One group that seems pre-disposed to believe it are the gifted. I became a scientist. I could have become a lawyer. I could have become a second-tier mathematician, I think. (I'm not sure I could have become a doctor--too much memorization.) I had a lot of options, and many things came easy. And I suspect I inherited some predispositions along with the gifts, so I ignored some options. Surely other people could do the same, right? Because I was taking the "gifted track" most of the people I hung out with were likewise gifted; I came from a gifted family--you can see the sampling bias. If you didn't excel, it was because you hadn't chosen to, or because you didn't have good schools, or something else in society got in your way.

I suspect industry and media leaders see the same sort of sampling bias, for the same reasons.

If you don't feel good blaming people, then the reasons for failure to excel must be accidental or structural--nurture, not nature; and not choice.

And there's another deception in the claim: "be." I wrote that I "became" a scientist. That's not quite right. I trained as one, developed the habits of thought needed for one, worked as one--but I did not change my nature: It's still me in here. With enough free time I could study law and "become" a lawyer--and still be me.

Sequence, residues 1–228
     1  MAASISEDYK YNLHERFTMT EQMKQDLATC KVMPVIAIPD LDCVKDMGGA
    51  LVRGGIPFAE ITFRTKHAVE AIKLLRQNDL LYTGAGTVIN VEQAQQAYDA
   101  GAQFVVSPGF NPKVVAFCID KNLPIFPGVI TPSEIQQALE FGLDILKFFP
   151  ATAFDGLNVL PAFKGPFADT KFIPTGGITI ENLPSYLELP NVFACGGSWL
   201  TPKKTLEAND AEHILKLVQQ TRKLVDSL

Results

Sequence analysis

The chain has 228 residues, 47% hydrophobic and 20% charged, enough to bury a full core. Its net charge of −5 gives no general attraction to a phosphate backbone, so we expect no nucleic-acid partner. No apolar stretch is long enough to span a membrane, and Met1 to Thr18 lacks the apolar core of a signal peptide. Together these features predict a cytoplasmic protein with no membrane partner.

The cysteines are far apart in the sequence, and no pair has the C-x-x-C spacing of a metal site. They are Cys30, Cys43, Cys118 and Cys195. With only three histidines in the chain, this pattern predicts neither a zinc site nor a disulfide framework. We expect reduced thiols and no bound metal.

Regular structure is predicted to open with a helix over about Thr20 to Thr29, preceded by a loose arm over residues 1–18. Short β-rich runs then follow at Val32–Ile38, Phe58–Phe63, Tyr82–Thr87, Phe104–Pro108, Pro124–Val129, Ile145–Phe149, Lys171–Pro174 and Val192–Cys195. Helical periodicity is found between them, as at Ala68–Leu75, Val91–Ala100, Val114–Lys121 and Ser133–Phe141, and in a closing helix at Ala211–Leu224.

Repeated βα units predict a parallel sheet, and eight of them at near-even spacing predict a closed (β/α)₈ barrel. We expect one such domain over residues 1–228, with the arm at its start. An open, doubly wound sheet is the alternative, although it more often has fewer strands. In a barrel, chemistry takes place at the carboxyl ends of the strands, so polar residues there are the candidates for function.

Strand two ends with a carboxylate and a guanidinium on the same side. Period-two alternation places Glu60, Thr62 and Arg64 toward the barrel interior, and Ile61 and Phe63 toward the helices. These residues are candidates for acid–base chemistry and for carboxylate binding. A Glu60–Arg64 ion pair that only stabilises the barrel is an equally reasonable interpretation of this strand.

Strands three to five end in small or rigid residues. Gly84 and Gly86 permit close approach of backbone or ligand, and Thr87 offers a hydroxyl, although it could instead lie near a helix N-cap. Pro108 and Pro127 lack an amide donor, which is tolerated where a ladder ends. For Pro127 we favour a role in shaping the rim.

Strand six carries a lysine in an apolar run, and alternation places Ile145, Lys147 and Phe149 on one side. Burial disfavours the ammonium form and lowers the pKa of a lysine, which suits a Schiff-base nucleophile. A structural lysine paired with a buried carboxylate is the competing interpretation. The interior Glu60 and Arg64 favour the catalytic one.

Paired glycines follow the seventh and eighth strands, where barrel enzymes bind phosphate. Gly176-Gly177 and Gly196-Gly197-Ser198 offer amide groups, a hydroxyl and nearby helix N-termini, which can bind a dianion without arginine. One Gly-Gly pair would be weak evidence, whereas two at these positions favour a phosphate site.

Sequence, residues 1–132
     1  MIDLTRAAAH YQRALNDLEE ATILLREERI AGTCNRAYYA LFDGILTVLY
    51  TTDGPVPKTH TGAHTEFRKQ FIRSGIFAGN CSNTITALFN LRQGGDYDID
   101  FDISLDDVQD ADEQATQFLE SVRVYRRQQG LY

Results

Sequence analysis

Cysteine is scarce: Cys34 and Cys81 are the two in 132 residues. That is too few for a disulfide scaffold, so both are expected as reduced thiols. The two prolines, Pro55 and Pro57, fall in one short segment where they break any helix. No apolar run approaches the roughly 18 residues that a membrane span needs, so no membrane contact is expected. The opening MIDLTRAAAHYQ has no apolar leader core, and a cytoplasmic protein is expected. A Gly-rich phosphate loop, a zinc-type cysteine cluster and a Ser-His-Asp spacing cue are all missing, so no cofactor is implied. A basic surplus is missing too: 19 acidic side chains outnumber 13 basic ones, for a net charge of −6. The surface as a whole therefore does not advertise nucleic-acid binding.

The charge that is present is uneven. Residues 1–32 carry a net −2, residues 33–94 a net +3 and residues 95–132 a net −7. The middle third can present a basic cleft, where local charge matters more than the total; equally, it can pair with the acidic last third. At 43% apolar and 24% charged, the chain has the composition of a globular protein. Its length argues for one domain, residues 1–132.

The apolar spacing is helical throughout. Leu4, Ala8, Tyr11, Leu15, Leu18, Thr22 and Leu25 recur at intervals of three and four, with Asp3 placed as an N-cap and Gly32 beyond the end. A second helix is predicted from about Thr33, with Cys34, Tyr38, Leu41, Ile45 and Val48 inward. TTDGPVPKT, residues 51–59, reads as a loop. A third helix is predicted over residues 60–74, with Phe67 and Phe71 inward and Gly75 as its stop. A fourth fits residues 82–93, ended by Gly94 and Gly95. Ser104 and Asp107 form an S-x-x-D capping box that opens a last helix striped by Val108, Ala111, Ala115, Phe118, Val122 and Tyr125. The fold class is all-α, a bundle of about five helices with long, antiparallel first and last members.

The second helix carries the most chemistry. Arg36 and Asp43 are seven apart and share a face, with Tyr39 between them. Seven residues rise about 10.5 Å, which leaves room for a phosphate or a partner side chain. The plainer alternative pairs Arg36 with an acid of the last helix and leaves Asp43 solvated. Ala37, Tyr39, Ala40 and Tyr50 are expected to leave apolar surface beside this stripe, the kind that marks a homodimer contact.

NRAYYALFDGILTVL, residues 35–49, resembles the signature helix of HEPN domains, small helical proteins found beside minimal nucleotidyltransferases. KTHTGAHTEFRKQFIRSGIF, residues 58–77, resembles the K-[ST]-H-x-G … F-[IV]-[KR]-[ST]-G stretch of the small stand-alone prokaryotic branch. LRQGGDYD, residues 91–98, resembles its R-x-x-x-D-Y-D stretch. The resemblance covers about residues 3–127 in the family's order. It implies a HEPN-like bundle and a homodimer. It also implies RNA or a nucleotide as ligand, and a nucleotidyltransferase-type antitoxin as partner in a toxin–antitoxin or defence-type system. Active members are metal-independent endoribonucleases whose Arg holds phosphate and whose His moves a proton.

That careless "be" can turn very expansive. It needn't just refer to professions.

The interior "me" is invisible to everyone but me and God. Since the "me" can choose, the "me" is a kind of creator, with all the power that implies. If my desires become changes in the world, how powerful my desires must be! (Just don't look too closely at the pattern of limitations here; close your eyes and blame them on society.)

Suppose I understand the "me" not in terms of some given nature, or even in terms of capabilities, but in terms of desires. That has several advantages: Nobody is in a position to contradict me, which magnifies my power vis-a-vis everybody else. I can blame any lack of changes in the world commensurate with my desires on society. I can change if I find my current definition inconvenient. I am not responsible to anyone for my desires, and if I can pull it off, not for actions either. I can be anything I want to be. Maybe I can do anything I want to do, too.(*)

This treats choice incoherently, of course.

I suspected the "I identify as a dragon" character at google was pulling somebody's leg. But I could be wrong, some people take this very seriously.